Oxfordshire high-speed fibre broadband programme passes 20,000 premises

More than 20,000 homes and businesses across the county are now able to access faster fibre-enabled broadband as part of the multi-million pound ‘Better Broadband for Oxfordshire’ programme, partners Oxfordshire County Council and BT announced today.

The major milestone was hailed by Ed Vaizey - Minister of State for Culture and the Digital Economy and MP for Didcot and Wantage - as a significant achievement on the journey to bring fibre broadband to Oxfordshire.

Better Broadband for Oxfordshire is part of the Government’s Broadband Delivery UK programme (BDUK) which announced last week that 1.5 million premises up and down the country are now able to access faster fibre-enabled broadband as a result of public-private sector partnerships like this one.

Ed Vaizey was in the village of Sutton Courtenay, with representatives from the partnership, to meet some of the first businesses and residents there to benefit from upgrading to the new faster fibre-enabled broadband.

Ed Vaizey said: “I am delighted that Oxfordshire – and in particular, my constituency, has reached this very important stage.  Work will continue across the county and the country to ensure that high-speed broadband is rolled out so that we can all benefit from the advantages it brings.”

Four of the five new metal road-side cabinets that are needed to connect more than 1,000 village premises to the new fibre optic network have just ‘gone live’ and local businesses have been quick to upgrade.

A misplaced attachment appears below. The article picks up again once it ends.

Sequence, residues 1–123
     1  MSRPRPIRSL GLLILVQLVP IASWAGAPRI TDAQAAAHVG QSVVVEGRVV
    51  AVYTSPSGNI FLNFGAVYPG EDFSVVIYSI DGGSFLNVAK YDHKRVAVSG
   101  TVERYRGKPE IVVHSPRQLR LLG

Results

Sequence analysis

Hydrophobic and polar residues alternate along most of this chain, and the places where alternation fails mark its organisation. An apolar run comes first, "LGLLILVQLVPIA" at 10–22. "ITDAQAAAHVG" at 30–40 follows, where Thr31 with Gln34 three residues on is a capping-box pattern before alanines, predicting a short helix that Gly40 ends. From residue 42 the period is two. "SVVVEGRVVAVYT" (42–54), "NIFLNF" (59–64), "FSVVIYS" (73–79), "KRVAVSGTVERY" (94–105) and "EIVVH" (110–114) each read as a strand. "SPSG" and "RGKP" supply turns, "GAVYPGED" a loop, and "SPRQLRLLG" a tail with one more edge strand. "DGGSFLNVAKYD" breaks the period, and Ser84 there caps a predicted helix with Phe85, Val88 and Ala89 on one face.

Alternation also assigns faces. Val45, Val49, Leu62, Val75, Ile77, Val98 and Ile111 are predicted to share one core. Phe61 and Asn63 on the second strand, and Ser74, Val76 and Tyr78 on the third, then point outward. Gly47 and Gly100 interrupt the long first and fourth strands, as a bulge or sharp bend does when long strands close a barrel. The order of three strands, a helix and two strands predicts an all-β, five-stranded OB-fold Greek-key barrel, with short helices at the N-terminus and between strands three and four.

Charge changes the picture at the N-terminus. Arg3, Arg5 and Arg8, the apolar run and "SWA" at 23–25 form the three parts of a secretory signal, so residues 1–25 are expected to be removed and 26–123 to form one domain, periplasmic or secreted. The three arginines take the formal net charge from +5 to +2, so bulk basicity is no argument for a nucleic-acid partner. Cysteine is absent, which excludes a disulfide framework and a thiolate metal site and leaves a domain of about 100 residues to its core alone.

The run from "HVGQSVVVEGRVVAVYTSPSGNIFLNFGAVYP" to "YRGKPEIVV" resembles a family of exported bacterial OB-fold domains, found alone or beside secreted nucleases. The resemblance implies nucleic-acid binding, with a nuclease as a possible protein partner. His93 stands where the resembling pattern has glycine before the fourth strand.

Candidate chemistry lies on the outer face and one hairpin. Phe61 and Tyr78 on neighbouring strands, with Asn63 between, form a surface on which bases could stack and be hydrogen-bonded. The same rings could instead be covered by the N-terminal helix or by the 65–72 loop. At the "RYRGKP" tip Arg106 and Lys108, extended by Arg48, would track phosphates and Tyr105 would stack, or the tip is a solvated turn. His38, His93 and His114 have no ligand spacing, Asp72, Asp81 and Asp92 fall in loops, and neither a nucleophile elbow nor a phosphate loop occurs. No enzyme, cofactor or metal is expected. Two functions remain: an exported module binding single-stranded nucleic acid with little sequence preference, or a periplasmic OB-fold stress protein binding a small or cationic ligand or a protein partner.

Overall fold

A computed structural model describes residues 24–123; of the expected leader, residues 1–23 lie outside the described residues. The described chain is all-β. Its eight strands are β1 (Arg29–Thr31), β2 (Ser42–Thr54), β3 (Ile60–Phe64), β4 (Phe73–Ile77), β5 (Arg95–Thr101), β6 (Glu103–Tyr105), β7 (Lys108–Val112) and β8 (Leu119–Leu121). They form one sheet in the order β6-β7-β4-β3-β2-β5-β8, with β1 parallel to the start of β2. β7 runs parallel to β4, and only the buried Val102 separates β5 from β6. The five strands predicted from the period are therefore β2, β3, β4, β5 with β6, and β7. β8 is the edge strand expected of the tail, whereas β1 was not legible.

Among them is Derek Johnson, Chartered Certified Accountant at Johnson & Co, based in The Nursery, Sutton Courtenay. He said: “The improvements have been immediately noticeable – for example, checking and managing online accounts is much quicker.

"Also, using online resources for continuing professional development and training is now possible, giving us the opportunity to develop and grow as a business.”

When an area has gone live, people who choose to upgrade have access to broadband download speeds of up to 80 megabits per second (Mbps) and upload speeds of up to 20Mbps.

Because the network is being built by engineers from Openreach – BT’s local network business – businesses and residents have a choice of who they take their fibre broadband service from, with more than 140 suppliers of fibre broadband currently operating in the UK.

Meanwhile, James Orchard, a director at Home Helpers Care, is looking forward to upgrading soon.

He said: “We’re very excited about the possibilities this new technology will bring, not least because of the way it will enable us to improve some of our working practices by moving to cloud-based systems.”

Better Broadband for Oxfordshire will make superfast fibre-enabled broadband available to 64,500 homes and businesses across the county by the end of 2015. It aims to ensure at least 90 per cent of the county’s premises have access to broadband speeds of at least 24Mbps, by building on the commercial fibre roll-out of BT and other companies.

Councillor Rodney Rose, Deputy Leader of Oxfordshire County Council said: “These developments are a fine example of the benefits that superfast fibre-enabled broadband can bring to small businesses across Oxfordshire with so many quickly recognising the arrival of superfast broadband as an opportunity to expand their businesses.

“I hope to see many more businesses taking advantage of the technology, bringing greater diversity to our economy.”

Bill Murphy, BT managing director of next generation access, said: “Better Broadband for Oxfordshire is a huge engineering undertaking but the roll-out is progressing extremely well, with more than 620 kilometres of fibre optic cable already laid by Openreach engineers.

“The rapid take-up of high-speed fibre broadband in the short time it’s been available in Sutton Courtenay is very encouraging.

“Our teams are working incredibly hard to ensure as many communities have access to the new technology as quickly as possible, because everything you do online is better and faster with fibre optic broadband.”